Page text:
In order to make a case for the resurrection of Jesus, we need to confirm that: 1) Jesus was crucified. 2) Jesus died. 3) Jesus was buried and the tomb was found empty. 4) The disciples began to claim that they had experienced the risen Jesus. 5) The disciples suffered for their testimony and some of them were killed.

After looking at the fact that Jesus was crucified under Pontius Pilate, we then need to make sure Jesus died by crucifixion. Michael Licona, a New Testament scholar, gives four reasons why we can know that Jesus died by crucifixion. The first reason Licona gives is that “Jesus’ death by crucifixion is multiply attested by a fair number of ancient sources, Christian and non-Christian alike.”[1] These Christian and non-Christian sources show that many people were talking about Jesus’ death and that gives it historical credibility. Second, the reports are early. “Paul mentions Jesus’ death by crucifixion no later than A.D. 55 (1 Corinthians, Galatians) and said he preached the same to those in Corinth in A.D. 51, or within twenty-one years of Jesus’ crucifixion.”[2] Early sources are great for historians because it allows for less time for the story to be changed. If the sources were written while the eyewitnesses were still alive then they become that much more reliable.

The third evidence Licona states for Jesus’ death by crucifixion is that the “Passion Narratives appear largely credible given their satisfying of the criterion of embarrassment and the plausibility of certain peripheral details.”[3] The Gospels list a few details that would be embarrassing. They mention things like the women finding the tomb first and that the men were hiding in fear. These are things people generally don’t make up and the only reason they would be included is if they are true. The last piece of evidence for Jesus’ death by crucifixion is “the very low probability of surviving crucifixion.” Licona says that, “Even if Jesus had been removed from his cross prematurely and medically assisted, his chances of survival were quite bleak. In addition, no evidence exists that Jesus was removed while alive or that he was provided any medical care whatsoever, much less Rome’s best.”[4] These four reasons leaves Licona concluding that “the historical evidence is very strong that Jesus died by crucifixion.”[5] Even the atheist New Testament scholar, Gerd Ludemann, who rejects the resurrection, agrees on this point. Ludemann wrote, “The fact of Jesus’ death as the consequence of crucifixion is indisputable.”[6]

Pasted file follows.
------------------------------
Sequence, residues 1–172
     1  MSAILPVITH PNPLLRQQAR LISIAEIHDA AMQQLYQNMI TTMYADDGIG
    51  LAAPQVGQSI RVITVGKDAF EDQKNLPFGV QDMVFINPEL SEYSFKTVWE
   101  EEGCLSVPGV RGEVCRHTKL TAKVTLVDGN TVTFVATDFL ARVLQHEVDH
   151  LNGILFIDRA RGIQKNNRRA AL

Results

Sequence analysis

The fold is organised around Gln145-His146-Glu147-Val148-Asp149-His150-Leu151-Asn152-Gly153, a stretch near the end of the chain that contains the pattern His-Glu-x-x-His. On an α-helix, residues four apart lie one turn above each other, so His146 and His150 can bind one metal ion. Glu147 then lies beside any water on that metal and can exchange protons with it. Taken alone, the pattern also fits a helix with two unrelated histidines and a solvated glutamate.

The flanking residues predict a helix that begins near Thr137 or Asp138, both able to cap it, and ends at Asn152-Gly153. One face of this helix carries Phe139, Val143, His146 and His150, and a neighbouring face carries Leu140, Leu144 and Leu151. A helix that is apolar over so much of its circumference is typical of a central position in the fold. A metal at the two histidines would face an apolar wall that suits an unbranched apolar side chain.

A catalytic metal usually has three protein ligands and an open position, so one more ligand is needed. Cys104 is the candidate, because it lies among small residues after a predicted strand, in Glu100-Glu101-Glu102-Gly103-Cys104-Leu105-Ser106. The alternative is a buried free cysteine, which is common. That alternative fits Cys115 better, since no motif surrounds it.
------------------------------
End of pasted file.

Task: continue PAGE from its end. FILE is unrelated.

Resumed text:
However, there are some who are not convinced by the evidence that Jesus died by crucifixion. One group that holds to this belief is Ahmadi Muslims. They believe that Jesus survived the crucifixion, recovered from his injuries, and then traveled India where he finally died.[7] This is referred to as the swoon theory. According to Gary Habermas, a New Testament scholar and historian, “such an occurrence seems highly unlikely given the nature of scourging and crucifixion.”[8] The Roman soldiers scourged Jesus before he was put on the cross. The Journal of the American Medical Association did studies on Jesus scourging and crucifixion. Their studies conclude:

Clearly, the weight of historical and medical evidence indicates that Jesus was dead before the wound to his side was inflicted and supports the traditional view that the spear, thrust between his right ribs, probably perforated not only the right lung but also the pericardium and heart and thereby ensured his death. Accordingly, interpretations based on the assumption that Jesus did not die on the cross appear to be at odds with modern medical knowledge.[9]

With what we now know from modern science, it has become very difficult to continue belief in the swoon theory. The Roman guards didn’t even break Jesus’ legs when they got to him because they recognized that he was already dead.

One might still claim that it is possible that if the spear didn’t pierce Jesus’ heart then he could have survived. This will be addressed in depth later, but we have to recognize that the disciples were convinced that Jesus had risen from the dead. If Jesus merely survived the crucifixion it is unlikely for the disciples to believe Jesus had conquered death. “Upon seeing a swooned Jesus who was limping, bleeding, pale, and stooped over in pain, Peter would not have responded, ‘Wow, I can’t wait to have a resurrection body just like that!”[10] The sight of a limping, bleeding Jesus would have caused the disciples to panic and search for medical attention, not claim that he had risen. Based on what we know from modern medicine and history, it is very reasonable to conclude that Jesus really did die by Roman crucifixion.

[1] Michael R. Licona, The Resurrection of Jesus: A New Historiographical Approach (Downers Grove, IL: InterVarsity Press, 2010), 304.

[2] Ibid. 305.

[3] Ibid. 306.

[4] Ibid. 311.

[5] Ibid. 312.

[6] Gerd Ludemann, The Resurrection of Jesus (Minneapolis, MI: Fortress Press, 1994), 39.

[7] Al Islam, “Jesus: a humble prophet of God,” The Official Website of the Ahmadiyya Muslim Community, accessed May 16th, 2015,

[8] Habermas, The Case for the Resurrection of Jesus, 100.

[9] William D. Edwards, Wesley J. Gabel, and Floyd E. Hosmer, “On the Physical Death of Jesus Christ,” Journal of the American Medical Association, 255.11, (21 March 1986): 1463

[10] Habermas, The Case for the Resurrection of Jesus, 103.